Overview of the Travel Agency Industry
A travel agent business is one that retails tourism related products and services on behalf of wholesale travel operators (such as hotels, major airlines, car rental firms, cruise ship operators and railway companies). The key role of a travel agent is to bring together (or 'package') all of the details that a prospective traveller needs that make up their vacation or business trip.
The travel agency industry accounts for over $140 billion worth of revenue a year. Despite the credit crunch and the subsequent global economic downturn, more and more people are travelling around the world for vacations and business travel. Despite these higher numbers of visitor trips per year, the average amount spent per trip has fallen.
A personalised service is a key element of any travel agency business. This involves answering customer questions and providing alternative options that meet the travellers needs. For example, a reliable travel agent could give you useful tips, like how close the hotel is to the beach, and the names of good local restaurants near the hotel. Agents do not own the stock they are reselling and are reliant on commercial agreements they have with tour operators and other travel companies.
A travel agent usually helps customers plan their holiday, enters a booking into a travel system, process a deposit, liaise with customers to ensure final payments are made when the tickets arrive. Many agents also offer help with a currency exchange service, help with applying for visas, vaccinations and even sell travel insurance. All these tasks mean that successful travel agents need great organisational skills, enthusiasm and a strong awareness of all aspects of holiday logistics.
With such fierce competition, many agents send their own sales staff on holiday to the destinations being sold to soak up local knowledge. Many independent travel agents are unusually good at offering specialist advice in certain areas ( such as luxury cruises, city breaks or skiing holidays). As the average price per trip is significantly greater than most bulk package deals, consumers expect a personalised approach and are willing to pay for it.
Most travel agents offering package holidays have purposely located on a shopping high street near high number of passing shoppers. This traditional model relies on colourful shop frontages, glossy magazines, racks of holiday brochures and uniformed staff. It imitated the supermarket mentality when selling holidays. Most travel agents rely on upon smartly dressed sales staff to answer questions, provide on-the-spot quotes from travel brochures and ageing computer screens. However, this business model is struggling and changing fast....
The economic downturn has put people off from splashing on luxury holidays as consumers have tightened their belts and turned to the Internet for low-cost flights, cheap accommodation and car hire. As a result, the traditional independent travel agent has lost out. Similarly, some noteworthy larger high street travel agency chains have had to reduce the number of branches and sales staff.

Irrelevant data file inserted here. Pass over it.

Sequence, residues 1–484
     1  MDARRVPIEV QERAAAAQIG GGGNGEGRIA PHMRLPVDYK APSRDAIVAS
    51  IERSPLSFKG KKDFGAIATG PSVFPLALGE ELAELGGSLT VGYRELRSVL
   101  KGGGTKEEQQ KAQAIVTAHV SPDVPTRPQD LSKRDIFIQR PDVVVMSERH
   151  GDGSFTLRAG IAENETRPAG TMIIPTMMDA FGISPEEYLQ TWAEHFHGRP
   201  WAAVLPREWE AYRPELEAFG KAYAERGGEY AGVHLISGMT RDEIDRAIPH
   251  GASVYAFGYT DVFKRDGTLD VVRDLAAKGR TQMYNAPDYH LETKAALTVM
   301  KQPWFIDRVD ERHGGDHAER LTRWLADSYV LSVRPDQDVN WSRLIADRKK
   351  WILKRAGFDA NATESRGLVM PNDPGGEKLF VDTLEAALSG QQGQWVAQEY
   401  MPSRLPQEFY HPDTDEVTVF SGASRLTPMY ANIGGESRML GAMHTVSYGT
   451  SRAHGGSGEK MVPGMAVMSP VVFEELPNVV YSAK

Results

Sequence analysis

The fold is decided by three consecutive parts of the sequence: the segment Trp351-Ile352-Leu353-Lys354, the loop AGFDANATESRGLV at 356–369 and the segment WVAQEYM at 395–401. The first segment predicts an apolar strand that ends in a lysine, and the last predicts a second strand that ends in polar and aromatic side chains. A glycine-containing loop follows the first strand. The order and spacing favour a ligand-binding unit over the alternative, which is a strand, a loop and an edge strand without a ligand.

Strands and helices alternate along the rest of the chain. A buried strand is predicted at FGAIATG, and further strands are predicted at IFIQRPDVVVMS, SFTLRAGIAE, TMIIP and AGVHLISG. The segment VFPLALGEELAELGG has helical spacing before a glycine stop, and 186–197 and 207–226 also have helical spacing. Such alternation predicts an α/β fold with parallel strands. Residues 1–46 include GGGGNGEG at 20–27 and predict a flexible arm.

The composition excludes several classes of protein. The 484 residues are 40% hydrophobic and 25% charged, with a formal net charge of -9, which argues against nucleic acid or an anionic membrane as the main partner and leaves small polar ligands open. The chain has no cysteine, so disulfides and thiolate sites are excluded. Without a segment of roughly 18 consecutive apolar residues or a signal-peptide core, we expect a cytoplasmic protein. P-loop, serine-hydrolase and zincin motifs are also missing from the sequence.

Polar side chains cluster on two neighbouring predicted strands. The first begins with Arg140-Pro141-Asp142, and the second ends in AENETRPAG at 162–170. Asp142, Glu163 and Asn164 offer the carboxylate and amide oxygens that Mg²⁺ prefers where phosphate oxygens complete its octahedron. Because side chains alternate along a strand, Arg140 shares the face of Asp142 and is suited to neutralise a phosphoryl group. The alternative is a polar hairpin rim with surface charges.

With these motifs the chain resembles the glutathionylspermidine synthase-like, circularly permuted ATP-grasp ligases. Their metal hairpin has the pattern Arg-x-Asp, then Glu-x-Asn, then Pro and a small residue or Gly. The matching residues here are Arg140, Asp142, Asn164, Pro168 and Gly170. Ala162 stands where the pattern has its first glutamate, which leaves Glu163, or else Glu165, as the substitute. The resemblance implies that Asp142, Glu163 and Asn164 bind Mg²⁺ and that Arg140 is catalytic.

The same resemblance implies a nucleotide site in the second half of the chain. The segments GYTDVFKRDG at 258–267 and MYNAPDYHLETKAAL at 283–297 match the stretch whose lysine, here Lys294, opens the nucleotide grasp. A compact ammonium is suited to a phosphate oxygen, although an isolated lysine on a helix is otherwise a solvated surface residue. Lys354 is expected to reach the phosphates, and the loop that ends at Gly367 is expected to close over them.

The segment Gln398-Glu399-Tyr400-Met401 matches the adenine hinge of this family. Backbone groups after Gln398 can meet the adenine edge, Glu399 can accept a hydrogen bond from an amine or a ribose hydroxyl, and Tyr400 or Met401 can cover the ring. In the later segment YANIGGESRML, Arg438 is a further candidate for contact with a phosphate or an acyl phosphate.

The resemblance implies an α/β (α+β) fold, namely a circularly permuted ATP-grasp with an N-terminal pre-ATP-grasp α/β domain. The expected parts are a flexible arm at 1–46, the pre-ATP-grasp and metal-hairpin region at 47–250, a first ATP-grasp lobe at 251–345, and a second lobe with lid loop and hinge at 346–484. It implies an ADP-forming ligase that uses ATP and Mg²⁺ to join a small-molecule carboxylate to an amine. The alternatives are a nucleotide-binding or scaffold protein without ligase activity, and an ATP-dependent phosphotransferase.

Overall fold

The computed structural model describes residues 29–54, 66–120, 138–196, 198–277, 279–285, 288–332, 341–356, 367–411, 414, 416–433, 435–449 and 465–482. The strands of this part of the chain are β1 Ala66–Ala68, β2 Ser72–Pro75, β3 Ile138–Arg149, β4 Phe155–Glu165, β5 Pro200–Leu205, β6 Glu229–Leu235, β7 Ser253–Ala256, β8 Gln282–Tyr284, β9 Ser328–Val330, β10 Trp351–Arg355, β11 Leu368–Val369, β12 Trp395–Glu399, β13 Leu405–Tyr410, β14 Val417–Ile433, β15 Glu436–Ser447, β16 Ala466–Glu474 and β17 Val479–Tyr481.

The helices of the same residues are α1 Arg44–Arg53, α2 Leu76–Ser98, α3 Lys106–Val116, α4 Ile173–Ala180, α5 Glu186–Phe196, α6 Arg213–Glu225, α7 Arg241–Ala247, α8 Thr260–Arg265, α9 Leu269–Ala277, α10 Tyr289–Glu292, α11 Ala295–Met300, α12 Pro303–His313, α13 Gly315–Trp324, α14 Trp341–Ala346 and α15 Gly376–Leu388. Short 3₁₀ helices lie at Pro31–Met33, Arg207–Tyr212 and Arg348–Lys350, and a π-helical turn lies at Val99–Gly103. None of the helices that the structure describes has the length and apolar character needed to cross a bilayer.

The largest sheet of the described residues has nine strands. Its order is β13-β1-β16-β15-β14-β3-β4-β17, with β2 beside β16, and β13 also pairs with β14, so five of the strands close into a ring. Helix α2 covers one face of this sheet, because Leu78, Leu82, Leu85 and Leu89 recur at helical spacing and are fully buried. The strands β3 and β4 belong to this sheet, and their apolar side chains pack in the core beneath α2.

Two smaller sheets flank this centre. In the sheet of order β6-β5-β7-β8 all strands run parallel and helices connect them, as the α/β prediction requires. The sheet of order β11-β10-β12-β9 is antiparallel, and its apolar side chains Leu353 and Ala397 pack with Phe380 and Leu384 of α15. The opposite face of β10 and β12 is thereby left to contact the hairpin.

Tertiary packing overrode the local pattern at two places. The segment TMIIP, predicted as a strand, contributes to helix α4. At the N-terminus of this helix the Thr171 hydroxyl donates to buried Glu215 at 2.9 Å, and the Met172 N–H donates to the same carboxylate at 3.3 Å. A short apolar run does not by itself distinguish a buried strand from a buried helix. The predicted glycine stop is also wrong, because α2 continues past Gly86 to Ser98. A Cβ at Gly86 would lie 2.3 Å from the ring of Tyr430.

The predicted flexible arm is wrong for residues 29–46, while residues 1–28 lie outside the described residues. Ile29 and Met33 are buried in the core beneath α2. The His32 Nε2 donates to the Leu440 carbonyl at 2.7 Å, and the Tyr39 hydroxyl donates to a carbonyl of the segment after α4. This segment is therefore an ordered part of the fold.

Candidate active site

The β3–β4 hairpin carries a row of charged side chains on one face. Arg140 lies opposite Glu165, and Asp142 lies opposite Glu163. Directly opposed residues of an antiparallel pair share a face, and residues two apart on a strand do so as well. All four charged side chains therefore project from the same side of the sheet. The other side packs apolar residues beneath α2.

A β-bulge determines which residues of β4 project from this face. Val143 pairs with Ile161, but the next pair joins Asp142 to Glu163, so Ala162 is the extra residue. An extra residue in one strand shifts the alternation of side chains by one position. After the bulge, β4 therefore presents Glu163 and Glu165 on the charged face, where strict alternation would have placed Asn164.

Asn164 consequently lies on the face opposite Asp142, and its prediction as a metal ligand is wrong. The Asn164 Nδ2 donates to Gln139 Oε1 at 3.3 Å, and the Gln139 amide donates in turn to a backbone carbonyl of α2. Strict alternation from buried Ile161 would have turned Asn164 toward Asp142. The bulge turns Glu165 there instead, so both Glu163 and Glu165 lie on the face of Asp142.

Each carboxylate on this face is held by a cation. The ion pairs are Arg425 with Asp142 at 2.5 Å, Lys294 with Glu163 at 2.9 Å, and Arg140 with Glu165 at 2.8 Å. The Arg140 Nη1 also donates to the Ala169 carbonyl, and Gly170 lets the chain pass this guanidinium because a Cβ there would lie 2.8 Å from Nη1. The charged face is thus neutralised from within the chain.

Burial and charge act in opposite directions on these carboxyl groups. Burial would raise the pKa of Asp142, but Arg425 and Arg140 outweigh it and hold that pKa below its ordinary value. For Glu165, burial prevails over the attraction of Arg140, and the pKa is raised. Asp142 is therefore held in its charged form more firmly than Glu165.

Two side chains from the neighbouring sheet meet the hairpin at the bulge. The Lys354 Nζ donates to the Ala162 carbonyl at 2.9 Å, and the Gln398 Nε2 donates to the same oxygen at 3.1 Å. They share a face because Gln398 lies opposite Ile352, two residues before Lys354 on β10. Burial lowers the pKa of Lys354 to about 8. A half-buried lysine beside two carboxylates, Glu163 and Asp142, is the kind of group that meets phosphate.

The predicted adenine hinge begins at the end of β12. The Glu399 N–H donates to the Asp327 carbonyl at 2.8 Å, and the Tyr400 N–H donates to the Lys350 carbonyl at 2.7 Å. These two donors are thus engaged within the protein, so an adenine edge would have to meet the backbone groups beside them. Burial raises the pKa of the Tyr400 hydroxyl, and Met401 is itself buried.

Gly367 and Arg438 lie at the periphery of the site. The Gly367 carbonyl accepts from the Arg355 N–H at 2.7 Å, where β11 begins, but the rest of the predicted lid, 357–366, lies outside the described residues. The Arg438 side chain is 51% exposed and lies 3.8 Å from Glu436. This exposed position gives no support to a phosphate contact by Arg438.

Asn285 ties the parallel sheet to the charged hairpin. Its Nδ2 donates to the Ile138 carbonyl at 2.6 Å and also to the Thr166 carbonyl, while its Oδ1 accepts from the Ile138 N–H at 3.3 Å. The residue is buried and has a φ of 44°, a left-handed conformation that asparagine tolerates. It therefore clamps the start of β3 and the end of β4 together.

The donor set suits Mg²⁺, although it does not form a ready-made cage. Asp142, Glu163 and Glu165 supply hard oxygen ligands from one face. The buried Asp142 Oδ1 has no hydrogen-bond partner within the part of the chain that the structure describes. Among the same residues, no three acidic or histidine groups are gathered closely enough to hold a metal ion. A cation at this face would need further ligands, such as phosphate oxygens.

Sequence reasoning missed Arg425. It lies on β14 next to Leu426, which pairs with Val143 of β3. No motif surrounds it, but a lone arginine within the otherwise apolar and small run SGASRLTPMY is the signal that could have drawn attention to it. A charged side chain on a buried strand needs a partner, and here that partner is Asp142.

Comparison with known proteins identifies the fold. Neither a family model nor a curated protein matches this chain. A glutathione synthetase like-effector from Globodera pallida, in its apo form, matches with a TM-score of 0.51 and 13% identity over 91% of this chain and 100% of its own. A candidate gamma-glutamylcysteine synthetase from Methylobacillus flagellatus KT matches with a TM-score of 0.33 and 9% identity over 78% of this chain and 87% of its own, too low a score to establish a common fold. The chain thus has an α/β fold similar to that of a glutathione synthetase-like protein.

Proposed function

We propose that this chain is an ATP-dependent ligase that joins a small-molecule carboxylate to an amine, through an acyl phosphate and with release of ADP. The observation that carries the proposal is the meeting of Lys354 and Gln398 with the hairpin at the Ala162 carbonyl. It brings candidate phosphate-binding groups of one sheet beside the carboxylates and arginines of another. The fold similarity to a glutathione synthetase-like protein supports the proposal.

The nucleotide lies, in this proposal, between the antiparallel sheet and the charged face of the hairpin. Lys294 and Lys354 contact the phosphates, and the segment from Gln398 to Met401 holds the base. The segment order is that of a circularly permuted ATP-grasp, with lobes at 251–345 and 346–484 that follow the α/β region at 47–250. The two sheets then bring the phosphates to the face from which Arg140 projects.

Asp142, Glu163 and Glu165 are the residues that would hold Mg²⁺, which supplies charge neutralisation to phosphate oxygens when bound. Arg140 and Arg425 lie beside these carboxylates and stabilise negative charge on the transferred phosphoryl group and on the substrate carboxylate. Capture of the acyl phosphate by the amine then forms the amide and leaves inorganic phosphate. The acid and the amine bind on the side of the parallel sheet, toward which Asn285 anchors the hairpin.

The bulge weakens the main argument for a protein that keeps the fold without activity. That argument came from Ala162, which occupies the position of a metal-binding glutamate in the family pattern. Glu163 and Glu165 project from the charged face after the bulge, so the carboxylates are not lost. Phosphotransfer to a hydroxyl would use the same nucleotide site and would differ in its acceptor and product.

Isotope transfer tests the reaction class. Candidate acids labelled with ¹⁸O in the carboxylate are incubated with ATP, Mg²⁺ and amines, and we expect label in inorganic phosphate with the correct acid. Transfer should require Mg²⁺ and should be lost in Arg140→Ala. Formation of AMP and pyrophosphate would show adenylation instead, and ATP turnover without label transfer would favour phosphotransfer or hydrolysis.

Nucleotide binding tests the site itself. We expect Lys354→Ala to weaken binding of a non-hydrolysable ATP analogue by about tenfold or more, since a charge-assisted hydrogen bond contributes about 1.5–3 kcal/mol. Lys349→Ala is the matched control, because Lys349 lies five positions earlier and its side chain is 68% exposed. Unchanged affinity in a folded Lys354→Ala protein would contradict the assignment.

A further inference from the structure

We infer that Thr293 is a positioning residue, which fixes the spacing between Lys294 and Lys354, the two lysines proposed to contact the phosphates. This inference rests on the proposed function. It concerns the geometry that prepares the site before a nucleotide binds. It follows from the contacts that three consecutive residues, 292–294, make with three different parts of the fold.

Like many other industries facing economic threats, the largest and most powerful players within the travel agency industry are consolidating and merging, to focus on global ticketing systems and capitalise on economies of scale. At the same time, these major tour operators are cutting travel agents commission from travel sales to increase their own operating margin. Many agents now rely on a service fee (instead of a commission) for flight bookings, as the airline industry experiences intense competition. Similarly, many other wholesale travel operators have also created the own travel websites to sell directly to the public (thereby cutting out travel agents completely).
Many agents have had to close their high-street operations. Internet savvy consumers are choosing to do their own travel research online to find out about resorts, destinations and accommodation. Many larger travel websites offer real-time booking facilities to confirm hotel rooms have been reserved, and car hire or flight tickets have been secured. The huge growth of price comparison travel websites has forced many traditional travel agents to specialise on niche areas, where consumers still demand a personalised advice.
High Street travel agents have higher overheads than their online contenders. Travel agents have to incur the costs of property rents, business rates, commercial property insurance, salaries for sales staff, marketing and advertising costs and other overheads related to traditional bricks and mortar shops. Whereas travel agent affiliates based from home running an Internet only model, enjoy very low overheads and are reliant upon Internet marketing tactics and a steady stream of website visitors.
Yet many travellers still prefer the reassurance of dealing with a properly bonded travel agent whom they can ring or meet face-to-face to discuss problems or answer complicated questions. This human interaction and professionalism is rarely replicated through faceless travel websites with limited telephone support and murky credentials.